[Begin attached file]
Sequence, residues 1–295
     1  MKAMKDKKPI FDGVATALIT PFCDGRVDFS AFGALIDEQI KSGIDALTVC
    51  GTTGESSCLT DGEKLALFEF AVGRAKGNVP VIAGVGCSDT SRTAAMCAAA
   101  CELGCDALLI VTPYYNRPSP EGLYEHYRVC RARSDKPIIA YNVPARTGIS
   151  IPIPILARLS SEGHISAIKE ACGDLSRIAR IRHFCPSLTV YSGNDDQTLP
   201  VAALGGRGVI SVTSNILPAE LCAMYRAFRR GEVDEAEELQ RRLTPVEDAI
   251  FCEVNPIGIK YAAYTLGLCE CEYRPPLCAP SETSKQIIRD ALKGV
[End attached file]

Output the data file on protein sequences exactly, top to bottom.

Sequence, residues 1–295
     1  MKAMKDKKPI FDGVATALIT PFCDGRVDFS AFGALIDEQI KSGIDALTVC
    51  GTTGESSCLT DGEKLALFEF AVGRAKGNVP VIAGVGCSDT SRTAAMCAAA
   101  CELGCDALLI VTPYYNRPSP EGLYEHYRVC RARSDKPIIA YNVPARTGIS
   151  IPIPILARLS SEGHISAIKE ACGDLSRIAR IRHFCPSLTV YSGNDDQTLP
   201  VAALGGRGVI SVTSNILPAE LCAMYRAFRR GEVDEAEELQ RRLTPVEDAI
   251  FCEVNPIGIK YAAYTLGLCE CEYRPPLCAP SETSKQIIRD ALKGV